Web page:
5.
The star of L_{n}(a,,,,e) has complexity n+1.

6.

(a)
Restricted product: \kappa(L^{\prime}_{m}(a,,,,e)L_{n}(a,,,,e))=m+n1.

(b)
Unrestricted product: \kappa(L^{\prime}_{m}(a,b,,d,e)L_{n}(a,d,,c,e))=mn+m+n.

(a)

7.

(a)
Restricted complexity: \kappa(L^{\prime}_{m}(a,,c,,e)\circ L_{n}(a,,e,,c))=mn.

(b)
Unrestricted complexity: \kappa(L^{\prime}_{m}(a,b,,d,e)\circ L_{n}(a,d,,c,e)=(m+1)(n+1) if \circ\in\{\cup,\oplus\}), mn+m if \circ=\setminus, and mn if \circ=\cap.
In both cases these bounds are the same as those for regular languages.

(a)
We now define a new leftideal witness similar to the witness in Definition 2.
Definition 3
For n\geqslant 4, let {\mathcal{E}}_{n}={\mathcal{E}}_{n}(a,b,c,d,e)=(Q_{n},\Sigma,\delta_{n},0,\{1,% \dots,n1\}), where \Sigma and the transformations induced by its letters are as in {\mathcal{D}}_{n} of Definition 2. Let M_{n}=M_{n}(a,b,c,d,e) be the language accepted by {\mathcal{E}}_{n}.
Theorem 3.2 (Nearly Most Complex Left Ideals)
For each n\geqslant 4, the DFA of Definition 3 is minimal and its language M_{n}(a,b,c,d,e) is a left ideal of complexity n. The stream (M_{n}(a,b,c,d,e)\mid n\geqslant 4) with some dialect streams meets all the complexity bounds for left ideals, except those for product.
Proof
It is easily verified that {\mathcal{E}}_{n}(a,,,d,e) is minimal; hence M_{n}(a,b,c,d,e) has complexity n. M_{n} is a left ideal because, for each letter \ell of \Sigma, and each word w\in\Sigma^{*}, w\in M_{n} implies \ell w\in M_{n}. We prove all the claims of Theorem 3.1 except the claims in Item 6.

1.
Semigroup The transition semigroup is independent of the set of final states; hence it has the size of the DFA of the most complex left ideal.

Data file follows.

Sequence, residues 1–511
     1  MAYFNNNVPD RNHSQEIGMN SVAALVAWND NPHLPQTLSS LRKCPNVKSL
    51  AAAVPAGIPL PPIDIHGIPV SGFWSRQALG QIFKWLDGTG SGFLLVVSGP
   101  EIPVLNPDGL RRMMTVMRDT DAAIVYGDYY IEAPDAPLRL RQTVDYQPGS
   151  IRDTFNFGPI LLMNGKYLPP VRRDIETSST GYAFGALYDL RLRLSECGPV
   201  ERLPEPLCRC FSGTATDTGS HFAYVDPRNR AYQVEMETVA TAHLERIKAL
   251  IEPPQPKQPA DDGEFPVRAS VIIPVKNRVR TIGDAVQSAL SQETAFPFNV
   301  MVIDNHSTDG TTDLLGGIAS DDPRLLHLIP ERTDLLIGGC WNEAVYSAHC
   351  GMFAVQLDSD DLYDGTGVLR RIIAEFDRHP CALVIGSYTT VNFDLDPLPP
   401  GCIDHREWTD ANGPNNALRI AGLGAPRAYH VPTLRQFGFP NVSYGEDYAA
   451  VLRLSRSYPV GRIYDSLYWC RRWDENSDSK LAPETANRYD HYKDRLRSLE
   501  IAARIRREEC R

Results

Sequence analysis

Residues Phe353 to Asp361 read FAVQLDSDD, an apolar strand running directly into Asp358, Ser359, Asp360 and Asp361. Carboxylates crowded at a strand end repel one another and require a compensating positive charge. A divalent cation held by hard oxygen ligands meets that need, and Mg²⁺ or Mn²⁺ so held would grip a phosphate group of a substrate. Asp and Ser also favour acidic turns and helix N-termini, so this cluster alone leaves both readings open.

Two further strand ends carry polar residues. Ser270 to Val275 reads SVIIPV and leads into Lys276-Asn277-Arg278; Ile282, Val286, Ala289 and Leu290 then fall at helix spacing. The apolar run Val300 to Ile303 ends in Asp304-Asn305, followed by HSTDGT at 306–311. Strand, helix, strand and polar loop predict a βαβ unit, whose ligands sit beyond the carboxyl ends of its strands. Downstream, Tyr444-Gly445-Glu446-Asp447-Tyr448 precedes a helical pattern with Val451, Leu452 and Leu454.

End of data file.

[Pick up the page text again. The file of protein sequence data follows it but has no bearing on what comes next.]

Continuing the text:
2.
Quotients Obvious.

3.
Reversal The upper bound of 2^{n1}+1 was proved in [9], and it was shown in [19] that the number of atoms is the same as the complexity of the reverse. Applying the standard NFA construction for reversal, we reverse every transition in DFA {\mathcal{E}}_{n} and interchange the final and initial states, yielding the NFA in Figure 3, where the initial states (unmarked) are Q_{n}\setminus\{0\}.
We perform the subset construction. Set Q_{n}\setminus\{0\} is initial. From \{q_{1},\dots,q_{k}\}, 1\leqslant q_{1}\leqslant q_{k}, we delete q_{i}, q_{1}\leqslant q_{i}\leqslant q_{k}\leqslant n1, by applying a^{q_{i}}da^{n1q_{i}}. Thus all 2^{n1} subsets of Q_{n}\setminus\{0\} can be reached, and Q_{n} is reached from the initial state \{1\} by e. For any distinct S,T\subseteq Q_{n} with q\in S\setminus T, either q=0, in which case S is final and T is nonfinal, or Sa^{q1}e=Q_{n} and Ta^{q1}e=\emptyset. Hence all 2^{n1}+1 states are pairwise distinguishable.
 4.

5.